Beckett's Talent to show doubters Oaks victory was no fluke
ANY man who tips horses for a living will go through good and bad periods in their career but nonetheless it's still tough to deal with when you hit a lean period.
Having enjoyed a nice purple patch during the month of August, I've found decent-priced winners as difficult to come by as dodo sandwiches this September and last week's main tip, Al Kazeem, cost me a small fortune in the Irish Champion Stakes.
Psychology studies in the US have shown that the pain felt from losing money is twice as strong as the pleasure felt from gaining the same amount and that pain continued for me on Wednesday as three of my bets at the Doncaster meeting all came home in second place.
It's been a tough week but I had some respite on Thursday as I attended the wedding of my good friends Ami and Owen, although unfortunately I didn't get chatting long enough to the bride's father, a regular reader of this column, to get his views on this afternoon's St Leger, which is the final British Classic of the season (3.50 Doncaster).
Brian knows a thing or two about racing and I wonder whether or not he'd endorse this week's selection, Talent, which is the only filly in the 11-strong line-up.
A quick flick through the record books reveals that the last filly to win was User Friendly back in 1992, although it must be noted that just 15 females have taken part since.
Trainer Ralph Beckett freely admits that she's not the flashiest horse in the world but there is stamina on both sides of her pedigree and she's improved with each step-up in distance this season, culminating in a powerful Epsom Oaks victory on soft ground.
The question then is why did she flop badly in the Irish Oaks at the Curragh in July? It's since been suggested that her Epsom win was some sort of fluke but I'm having none of that and if you watch the Curragh race again, you will notice two distinct differences compared to Epsom, the first of which was the fast going.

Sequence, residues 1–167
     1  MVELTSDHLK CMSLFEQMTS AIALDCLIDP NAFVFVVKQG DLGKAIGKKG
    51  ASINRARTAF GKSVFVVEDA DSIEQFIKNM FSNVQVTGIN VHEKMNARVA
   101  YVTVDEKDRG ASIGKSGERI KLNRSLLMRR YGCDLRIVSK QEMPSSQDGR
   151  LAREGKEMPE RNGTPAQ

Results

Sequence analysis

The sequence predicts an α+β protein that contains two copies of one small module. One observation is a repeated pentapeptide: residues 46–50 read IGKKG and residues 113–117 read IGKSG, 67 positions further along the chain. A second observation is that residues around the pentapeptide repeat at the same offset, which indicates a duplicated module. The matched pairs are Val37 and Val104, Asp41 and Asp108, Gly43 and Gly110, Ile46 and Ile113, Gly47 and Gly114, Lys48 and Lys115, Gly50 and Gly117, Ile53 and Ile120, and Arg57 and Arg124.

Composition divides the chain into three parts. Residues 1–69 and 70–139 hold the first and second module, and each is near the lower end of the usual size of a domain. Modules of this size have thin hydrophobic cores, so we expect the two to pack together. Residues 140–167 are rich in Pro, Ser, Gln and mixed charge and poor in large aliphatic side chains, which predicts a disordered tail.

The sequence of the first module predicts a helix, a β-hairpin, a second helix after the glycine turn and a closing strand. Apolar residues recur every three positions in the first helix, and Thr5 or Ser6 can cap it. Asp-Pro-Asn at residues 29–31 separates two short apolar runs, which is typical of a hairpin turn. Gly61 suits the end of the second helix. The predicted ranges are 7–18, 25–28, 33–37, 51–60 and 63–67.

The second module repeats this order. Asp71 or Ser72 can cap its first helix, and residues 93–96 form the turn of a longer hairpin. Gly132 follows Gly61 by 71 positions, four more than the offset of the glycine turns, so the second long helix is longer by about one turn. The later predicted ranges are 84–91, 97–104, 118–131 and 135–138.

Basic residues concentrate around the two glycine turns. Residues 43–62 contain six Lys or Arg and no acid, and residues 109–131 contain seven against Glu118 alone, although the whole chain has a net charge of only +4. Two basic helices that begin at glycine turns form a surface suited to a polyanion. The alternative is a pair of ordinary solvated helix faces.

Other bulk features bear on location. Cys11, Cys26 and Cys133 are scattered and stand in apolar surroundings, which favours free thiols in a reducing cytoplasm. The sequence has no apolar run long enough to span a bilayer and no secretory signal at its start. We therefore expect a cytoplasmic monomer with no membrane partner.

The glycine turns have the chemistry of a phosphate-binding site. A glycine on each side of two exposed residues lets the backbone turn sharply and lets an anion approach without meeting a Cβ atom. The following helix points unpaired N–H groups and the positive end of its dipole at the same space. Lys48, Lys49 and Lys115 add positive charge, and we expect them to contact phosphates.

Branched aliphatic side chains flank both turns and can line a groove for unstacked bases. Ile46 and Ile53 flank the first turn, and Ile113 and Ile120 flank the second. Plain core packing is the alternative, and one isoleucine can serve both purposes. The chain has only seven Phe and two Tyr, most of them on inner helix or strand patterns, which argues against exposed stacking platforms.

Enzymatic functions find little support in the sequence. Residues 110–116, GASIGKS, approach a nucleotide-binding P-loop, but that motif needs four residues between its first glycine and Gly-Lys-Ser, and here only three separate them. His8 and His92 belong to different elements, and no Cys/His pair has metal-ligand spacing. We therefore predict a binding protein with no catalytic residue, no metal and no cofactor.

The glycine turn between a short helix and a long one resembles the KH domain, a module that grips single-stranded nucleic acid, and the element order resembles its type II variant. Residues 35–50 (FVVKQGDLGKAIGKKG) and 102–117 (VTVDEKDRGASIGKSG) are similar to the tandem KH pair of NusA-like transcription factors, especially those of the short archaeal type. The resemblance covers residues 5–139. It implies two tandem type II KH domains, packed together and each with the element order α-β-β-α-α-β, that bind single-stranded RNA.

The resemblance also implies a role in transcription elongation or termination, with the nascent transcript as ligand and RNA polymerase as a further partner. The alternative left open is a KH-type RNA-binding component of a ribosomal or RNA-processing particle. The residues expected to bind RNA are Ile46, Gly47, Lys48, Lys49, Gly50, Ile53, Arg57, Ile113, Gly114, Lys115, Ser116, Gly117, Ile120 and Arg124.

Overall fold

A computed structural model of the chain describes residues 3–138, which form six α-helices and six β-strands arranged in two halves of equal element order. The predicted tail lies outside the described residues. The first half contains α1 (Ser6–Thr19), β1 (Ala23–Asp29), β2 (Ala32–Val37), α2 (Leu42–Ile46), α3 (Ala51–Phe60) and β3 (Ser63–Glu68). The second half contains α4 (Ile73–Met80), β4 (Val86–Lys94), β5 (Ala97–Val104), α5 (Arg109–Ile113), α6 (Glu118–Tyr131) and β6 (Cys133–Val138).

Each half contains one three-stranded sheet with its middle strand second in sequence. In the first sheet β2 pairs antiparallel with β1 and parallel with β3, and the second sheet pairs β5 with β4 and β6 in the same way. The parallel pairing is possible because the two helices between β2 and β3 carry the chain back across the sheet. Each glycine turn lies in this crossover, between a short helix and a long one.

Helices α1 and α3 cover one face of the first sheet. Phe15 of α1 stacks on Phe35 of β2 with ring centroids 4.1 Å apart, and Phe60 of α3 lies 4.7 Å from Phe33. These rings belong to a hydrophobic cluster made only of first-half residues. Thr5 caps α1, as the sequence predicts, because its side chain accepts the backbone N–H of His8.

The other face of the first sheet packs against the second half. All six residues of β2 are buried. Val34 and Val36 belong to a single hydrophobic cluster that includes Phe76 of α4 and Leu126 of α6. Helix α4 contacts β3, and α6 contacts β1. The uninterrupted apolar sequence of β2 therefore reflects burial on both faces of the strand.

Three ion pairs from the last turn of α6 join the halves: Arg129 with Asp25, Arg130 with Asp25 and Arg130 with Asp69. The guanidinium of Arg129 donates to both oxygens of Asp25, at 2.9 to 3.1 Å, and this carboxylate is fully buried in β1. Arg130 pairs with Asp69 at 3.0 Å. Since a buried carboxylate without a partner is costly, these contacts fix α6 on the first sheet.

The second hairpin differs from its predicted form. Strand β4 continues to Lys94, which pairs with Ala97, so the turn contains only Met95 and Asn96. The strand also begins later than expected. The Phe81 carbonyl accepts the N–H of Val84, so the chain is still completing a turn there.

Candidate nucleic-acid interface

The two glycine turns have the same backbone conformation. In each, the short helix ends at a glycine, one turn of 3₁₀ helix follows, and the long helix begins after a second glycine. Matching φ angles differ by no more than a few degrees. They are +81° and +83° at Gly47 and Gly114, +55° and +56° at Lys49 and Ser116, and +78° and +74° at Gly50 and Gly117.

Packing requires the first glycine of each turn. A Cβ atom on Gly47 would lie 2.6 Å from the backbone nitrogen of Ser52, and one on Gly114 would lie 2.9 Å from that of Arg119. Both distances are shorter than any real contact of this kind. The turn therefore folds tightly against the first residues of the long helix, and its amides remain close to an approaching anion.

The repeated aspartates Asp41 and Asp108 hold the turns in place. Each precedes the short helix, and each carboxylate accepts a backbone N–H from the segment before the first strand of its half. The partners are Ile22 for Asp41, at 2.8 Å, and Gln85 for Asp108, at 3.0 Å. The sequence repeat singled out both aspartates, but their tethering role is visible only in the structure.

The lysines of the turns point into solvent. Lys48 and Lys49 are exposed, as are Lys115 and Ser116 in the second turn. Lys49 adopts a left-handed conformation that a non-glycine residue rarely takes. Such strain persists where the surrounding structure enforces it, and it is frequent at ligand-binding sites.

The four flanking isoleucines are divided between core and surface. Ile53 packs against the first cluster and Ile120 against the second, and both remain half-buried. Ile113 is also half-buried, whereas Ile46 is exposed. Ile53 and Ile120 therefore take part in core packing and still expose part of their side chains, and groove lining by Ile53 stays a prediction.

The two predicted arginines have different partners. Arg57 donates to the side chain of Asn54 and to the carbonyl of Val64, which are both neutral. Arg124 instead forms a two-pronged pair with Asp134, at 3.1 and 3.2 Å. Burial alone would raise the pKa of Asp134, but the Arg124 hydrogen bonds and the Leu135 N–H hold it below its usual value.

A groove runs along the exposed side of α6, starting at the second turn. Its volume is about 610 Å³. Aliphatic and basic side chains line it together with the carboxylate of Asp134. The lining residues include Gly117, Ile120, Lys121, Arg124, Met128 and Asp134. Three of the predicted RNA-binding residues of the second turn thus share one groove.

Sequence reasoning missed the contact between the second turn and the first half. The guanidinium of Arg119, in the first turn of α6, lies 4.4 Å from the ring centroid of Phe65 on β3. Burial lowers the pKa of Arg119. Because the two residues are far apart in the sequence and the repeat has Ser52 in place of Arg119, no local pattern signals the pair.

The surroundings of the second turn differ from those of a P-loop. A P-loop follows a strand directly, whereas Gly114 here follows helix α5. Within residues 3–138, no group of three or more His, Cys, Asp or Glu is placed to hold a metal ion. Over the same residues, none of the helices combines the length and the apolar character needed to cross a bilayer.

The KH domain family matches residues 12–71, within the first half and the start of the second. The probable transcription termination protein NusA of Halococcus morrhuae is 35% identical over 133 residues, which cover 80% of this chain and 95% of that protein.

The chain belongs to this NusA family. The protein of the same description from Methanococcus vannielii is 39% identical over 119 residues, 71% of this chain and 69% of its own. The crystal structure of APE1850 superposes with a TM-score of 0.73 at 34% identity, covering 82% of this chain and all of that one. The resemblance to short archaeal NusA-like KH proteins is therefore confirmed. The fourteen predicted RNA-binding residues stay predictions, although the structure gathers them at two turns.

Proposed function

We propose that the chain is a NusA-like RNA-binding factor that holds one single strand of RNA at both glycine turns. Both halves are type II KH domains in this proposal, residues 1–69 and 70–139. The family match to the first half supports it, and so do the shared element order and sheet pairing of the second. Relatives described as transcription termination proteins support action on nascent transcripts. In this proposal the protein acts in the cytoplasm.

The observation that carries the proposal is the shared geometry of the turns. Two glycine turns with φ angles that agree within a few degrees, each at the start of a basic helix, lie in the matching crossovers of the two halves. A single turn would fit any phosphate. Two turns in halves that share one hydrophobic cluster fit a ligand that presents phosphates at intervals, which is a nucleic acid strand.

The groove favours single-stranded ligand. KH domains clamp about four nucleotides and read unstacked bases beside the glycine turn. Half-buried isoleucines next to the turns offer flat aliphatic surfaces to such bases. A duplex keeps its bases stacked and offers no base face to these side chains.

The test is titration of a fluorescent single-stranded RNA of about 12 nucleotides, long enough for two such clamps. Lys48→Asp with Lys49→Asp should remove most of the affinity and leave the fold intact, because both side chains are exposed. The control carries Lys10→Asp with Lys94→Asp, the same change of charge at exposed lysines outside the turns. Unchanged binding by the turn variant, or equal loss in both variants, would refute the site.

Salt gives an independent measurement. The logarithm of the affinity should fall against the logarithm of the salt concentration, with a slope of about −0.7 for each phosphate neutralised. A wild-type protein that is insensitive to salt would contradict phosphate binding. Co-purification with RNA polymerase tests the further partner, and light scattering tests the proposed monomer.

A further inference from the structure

As Beckett has said, Talent "likes a bit of juice" in the ground so fast going at Irish HQ was never going to do her any favours. Secondly, the early Curragh pace was very slow which meant it wasn't a truly run affair.
Once it became clear that the daughter of New Approach was uncomfortable, Jim Crowley made the right decision to ease her off.
Granted, her preparation for this race hasn't been ideal and she was pulled from the Yorkshire Oaks last month due to fast ground – but her trainer brought her to Kempton last Friday for a racecourse gallop, which will have helped oil a few hinges.
With a 3lb allowance for her sex, it's worth giving her another shot this afternoon if the ground stays on the softer side of good, priced around 8/1.
At the time of writing, Galileo Rock's participation is in doubt but the one I'm most worried about is John Gosden's Excess Knowledge. His breeding suggests he'll handle the trip and the trainer knows the sort it takes to win the St Leger, having saddled four winners including Arctic Cosmos and Masked Marvel in 2010 and 2011 respectively.
ANCIENT Cross has become somewhat inconsistent as the years roll by, but on a good day the nine-year-old is still capable of making a bold showing and could be a bit of value at around 20/1 in the Ladbrokes Portland Handicap at Doncaster (2.40). His mark has been eased ever so slightly following a couple of below-par efforts on fast ground at York and Ascot recently but he prefers a bit of give underfoot these days and proved he's not a spent force when narrowly beaten in a decent renewal of the Gosforth Park Cup handicap at Newcastle.
2.05 Doncaster: Outstrip
2.40 Doncaster: Ancient Cross (e/w)
3.15 Doncaster: Aljamaaheer
3.35 Curragh: Shirocco Star
3.50 Doncaster: Talent